The following information and article was submitted by Van King, January 10, 2000. (See bio and contact information below.)
Hollis Cass Dunton was born in Etna, Maine (b. April 18, 1855 Etna, Maine d. August 4, 1928 North Anson, Maine, buried Carmel, Maine) . He was the son of Calvin Dunton and Sarah Tribou Dunton. In 1881, he married Annette Kimball and they had three children: Charles, Ezra, and Mary and lived in Rumford's "Virginia" neighborhood (Dot Dunton, personal communication, 2000).
Hollis was a lumberman and helped form the Dunton Lumber Company. "When the building boom started at Rumford Falls the need for sawed lumber became great. Blanchard and Twitchell organized a company that flourished for a few years; while Albert Turgeon organized the Rumford Falls Lumber Company in the 'Virginia' section above the Falls. In October 1898, the Dunton Lumber Company purchased the Turgeon holdings and built an entirely new mill on the bank of the Androscoggin River. The corporation was organized with Waldo Pettingill as president, Hollis C. Dunton as Treasurer and general Manager, George Bisbee as Clerk and Pettingill, Dunton and Edwin Riley as Directors. (Martin, 1980)"
Family tradition holds that Hollis Dunton was an investor in the Dunton Silver mine, Hampden, Maine (Dot Dunton, personal communication, 1999). The Dunton Silver Mine was reorganized as the Consolidated Hampden Mine (Maine Mining Journal [MMJ], April 2, 1880), but the mine was generally advertised simply as the "Hampden Silver Mine". Hiram Dunton, of Hampden, was one of the principle organizers and George Dunton was superintendent of the Dunton (Hampden) Silver Mine (incorporated December, 1879)(MMJ, January 2, 1880).
"The officers were Honorable Frederick M. Laughton, President; William H. Strickland, Vice President; Charles F. Bragg, Secretary; Charles E. Hill, Treasurer. The incorporators were Frederick M. Laughton, William Strickland, William T. Pearson, Eugene M. Hersey, William P. Hubbard, Charles R. Bragg, Norris E. Bragg, John P. Tucker, Thomas White, Clarence G. Bean, Charles H. Huckins, Charles D. Stanford, Gordon Stanford, Arthur R. Hopkins, Fred W. Ayer, Ezra L. Sterns, Fred S. Crosby, Hiram Dunton, Frank H. Clergue, and Charles E. Hill. The Dunton mine was on property owned by Hiram Dunton. There were seven distinct quartz veins. Other mines were the Silver Drift on Lyman Fowler land and the Lawrence mine on the Donald Thayer farm."
"Hiram was the son of James Dunton a successful ship builder. Listed as a "carpenter" in a contemporary census. An entrepreneur in the best sense, he bought timber land and sold lumber to the cities being built on the east coast, then sold the land. Family tradition has it that he is responsible for Mt. Desert Island being a desert. Supposedly he bought the island, stripped it of timber and then sold it." (Phil Dunton, personal communication, 2000).
On May 21, 1880, MMJ indicated of the Hampden (Dunton) Silver mine: "The shaft has now reached a vertical depth of 138 feet and the work is being prosecuted with vigor. Mr. Thomas Cahill, the well known superintendent. has taken charge of operations and in a brief time this promises to be the deepest shaft in the state." By October 8, 1880 (MMJ), the shaft had reached its target depth of 200 feet and a crosscut began to intersect the ore. By November 19, 1880 (MMJ), Cahill was replaced by "Dunton" as superintendent. The ore vein was thought to be 25 feet thick in the 200 foot level crosscut and was wider than the vein intersected by the 78 foot level crosscut. By December 10, 1880 (MMJ), the crosscut was 16 feet into the vein. By January 28, 1981, MMJ, the crosscut was 42 feet long. It was reported, February 11, 1881, (MMJ), a winze was 9 feet deep into the ore "in good looking quartz".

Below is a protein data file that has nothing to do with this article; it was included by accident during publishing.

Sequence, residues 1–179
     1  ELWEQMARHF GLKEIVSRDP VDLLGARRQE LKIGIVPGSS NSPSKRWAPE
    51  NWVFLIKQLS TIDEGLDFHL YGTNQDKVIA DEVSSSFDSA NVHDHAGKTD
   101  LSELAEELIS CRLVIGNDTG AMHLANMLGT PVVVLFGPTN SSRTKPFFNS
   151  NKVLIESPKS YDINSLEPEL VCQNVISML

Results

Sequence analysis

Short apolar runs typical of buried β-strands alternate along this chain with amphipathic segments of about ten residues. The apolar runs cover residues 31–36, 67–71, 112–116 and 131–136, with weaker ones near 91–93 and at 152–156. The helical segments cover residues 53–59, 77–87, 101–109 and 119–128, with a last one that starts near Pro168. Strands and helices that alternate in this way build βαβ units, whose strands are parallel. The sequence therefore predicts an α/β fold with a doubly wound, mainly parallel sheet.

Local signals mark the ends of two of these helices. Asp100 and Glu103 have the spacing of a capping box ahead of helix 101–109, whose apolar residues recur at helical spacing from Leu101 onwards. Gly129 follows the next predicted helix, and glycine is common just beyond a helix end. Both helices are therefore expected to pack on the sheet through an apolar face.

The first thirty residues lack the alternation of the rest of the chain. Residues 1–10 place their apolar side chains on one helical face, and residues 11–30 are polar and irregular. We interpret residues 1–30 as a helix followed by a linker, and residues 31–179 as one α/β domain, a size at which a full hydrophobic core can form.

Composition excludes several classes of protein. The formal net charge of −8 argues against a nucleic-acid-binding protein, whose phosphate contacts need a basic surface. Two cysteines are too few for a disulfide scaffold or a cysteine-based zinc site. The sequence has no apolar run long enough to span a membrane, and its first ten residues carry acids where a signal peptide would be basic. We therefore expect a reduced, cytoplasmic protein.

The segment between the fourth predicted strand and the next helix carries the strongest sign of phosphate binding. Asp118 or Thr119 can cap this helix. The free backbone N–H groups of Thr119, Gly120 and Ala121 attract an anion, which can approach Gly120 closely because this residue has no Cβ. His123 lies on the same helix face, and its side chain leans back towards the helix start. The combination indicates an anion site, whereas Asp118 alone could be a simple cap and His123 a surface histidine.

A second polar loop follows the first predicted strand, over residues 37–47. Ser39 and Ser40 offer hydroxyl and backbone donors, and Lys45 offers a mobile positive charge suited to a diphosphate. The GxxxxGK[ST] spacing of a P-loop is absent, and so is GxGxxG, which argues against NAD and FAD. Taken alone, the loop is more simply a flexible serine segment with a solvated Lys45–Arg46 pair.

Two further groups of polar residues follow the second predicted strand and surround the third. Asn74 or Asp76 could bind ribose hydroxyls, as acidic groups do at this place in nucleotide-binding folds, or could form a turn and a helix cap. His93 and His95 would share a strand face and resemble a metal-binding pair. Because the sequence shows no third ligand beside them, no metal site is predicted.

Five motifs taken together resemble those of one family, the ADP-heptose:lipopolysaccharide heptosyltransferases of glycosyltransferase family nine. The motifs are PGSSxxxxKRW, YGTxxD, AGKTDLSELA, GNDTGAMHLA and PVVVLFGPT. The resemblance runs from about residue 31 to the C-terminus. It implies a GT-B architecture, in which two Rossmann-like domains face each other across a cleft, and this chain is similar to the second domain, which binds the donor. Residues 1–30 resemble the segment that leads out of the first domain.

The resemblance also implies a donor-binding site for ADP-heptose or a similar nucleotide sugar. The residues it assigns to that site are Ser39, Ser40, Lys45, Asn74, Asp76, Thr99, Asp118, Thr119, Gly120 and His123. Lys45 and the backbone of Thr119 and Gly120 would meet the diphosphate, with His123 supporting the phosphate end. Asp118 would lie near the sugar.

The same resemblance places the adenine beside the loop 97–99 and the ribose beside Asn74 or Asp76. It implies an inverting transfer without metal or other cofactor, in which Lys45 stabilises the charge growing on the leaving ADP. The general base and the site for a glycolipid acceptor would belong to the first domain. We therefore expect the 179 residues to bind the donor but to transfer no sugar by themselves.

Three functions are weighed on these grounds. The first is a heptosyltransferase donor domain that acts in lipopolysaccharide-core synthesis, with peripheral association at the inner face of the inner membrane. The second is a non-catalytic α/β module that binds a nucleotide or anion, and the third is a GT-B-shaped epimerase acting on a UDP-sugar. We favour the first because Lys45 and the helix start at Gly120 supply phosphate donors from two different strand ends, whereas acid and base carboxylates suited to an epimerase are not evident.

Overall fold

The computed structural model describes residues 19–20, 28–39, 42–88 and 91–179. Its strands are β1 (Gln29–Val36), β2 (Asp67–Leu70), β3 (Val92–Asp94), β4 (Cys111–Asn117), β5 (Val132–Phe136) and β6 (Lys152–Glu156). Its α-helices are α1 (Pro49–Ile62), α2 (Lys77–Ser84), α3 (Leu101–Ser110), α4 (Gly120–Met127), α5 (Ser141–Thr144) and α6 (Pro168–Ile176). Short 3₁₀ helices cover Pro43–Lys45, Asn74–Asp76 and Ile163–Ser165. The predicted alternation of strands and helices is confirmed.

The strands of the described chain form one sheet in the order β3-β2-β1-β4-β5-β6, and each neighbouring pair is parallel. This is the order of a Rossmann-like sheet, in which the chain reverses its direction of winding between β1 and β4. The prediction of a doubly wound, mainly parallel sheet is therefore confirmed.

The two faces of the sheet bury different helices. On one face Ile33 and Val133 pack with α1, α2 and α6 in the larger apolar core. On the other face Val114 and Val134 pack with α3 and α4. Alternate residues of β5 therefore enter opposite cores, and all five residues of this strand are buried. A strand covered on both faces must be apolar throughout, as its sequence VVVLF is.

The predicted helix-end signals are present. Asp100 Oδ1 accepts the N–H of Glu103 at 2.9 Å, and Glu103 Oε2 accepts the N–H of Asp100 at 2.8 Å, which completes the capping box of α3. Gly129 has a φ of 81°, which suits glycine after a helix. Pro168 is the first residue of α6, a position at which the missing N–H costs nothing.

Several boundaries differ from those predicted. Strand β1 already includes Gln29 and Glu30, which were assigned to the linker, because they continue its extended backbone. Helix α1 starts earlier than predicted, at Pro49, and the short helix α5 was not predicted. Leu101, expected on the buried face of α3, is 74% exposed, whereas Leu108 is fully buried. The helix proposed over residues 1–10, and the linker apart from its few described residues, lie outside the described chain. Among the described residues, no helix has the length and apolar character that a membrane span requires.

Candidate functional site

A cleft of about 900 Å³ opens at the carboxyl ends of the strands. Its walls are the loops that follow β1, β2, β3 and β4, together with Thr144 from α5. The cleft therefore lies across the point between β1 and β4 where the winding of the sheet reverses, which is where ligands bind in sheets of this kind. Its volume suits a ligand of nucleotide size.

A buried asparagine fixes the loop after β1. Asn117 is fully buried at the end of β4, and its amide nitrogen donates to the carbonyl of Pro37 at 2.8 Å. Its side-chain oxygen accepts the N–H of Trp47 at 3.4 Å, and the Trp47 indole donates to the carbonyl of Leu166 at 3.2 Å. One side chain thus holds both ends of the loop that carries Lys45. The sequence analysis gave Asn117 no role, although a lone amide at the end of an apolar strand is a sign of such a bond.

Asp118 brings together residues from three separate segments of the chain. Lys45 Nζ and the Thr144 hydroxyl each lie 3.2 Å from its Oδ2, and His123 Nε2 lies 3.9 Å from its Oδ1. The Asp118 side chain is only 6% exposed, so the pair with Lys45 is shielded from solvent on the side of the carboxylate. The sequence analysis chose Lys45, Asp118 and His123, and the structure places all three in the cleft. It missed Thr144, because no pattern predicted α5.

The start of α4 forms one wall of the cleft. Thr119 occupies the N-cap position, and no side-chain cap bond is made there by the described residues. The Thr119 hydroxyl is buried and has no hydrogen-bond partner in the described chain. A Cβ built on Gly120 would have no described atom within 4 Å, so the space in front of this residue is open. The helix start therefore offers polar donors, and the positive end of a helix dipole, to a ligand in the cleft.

Unfortunately, this report was the last ever made of the Hampden Consolidated Silver mine and only the Lawrence Silver Mine of Hampden received further notice of the many original mines of Hampden. The quartz vein was obviously very difficult to mine and was undoubtedly leaner in ore minerals than could be worked at a profit. The Hampden Silver mine is located just north of Route 202 and 9, southeast of Hammond Pond in Hampden (Thompson et al, 2000).
Morrill and Hinckley (1959) indicate there were seven silver mines in Hampden. Of particular interest is the fact that Hiram Dunton married Loisa Pierce (b. November, 1842 Hampden, Me d. May 15, 1912, Hampden) and the ceremony was performed by Hannibal Hamlin, cousin to Augustus Hamlin (Phil Dunton, personal communication, 2000).
Joseph Abbott Nile briefly remembered his friend, Hollis Dunton: "He was with Sandy [Nile]1 and Walter Morse in the mica business. They had mica two feet across just as clear as glass." [Kimball property (= Bear Mountain quarry?) in South Waterford - a "Hamlin" place. (taped interview, 1961)]
Hollis Dunton was one of the founders of the Fraternal Order of Elks in Rumford and was a master of the Cora chapter of Masons near Rumford Point.
We purchased this small collection of tourmaline's from the Dunton Quarry. These were typical of what a person could collect from the mine's dumps in the 1980s.
The collection includes pink (Rubelite), blue (Indicolite) and several shades of green Tourmaline. No gem rough just a little selection of location Tourmaline. The largest Tourmaline is an Indicolite and it is 2.5 x 2.0 cm.
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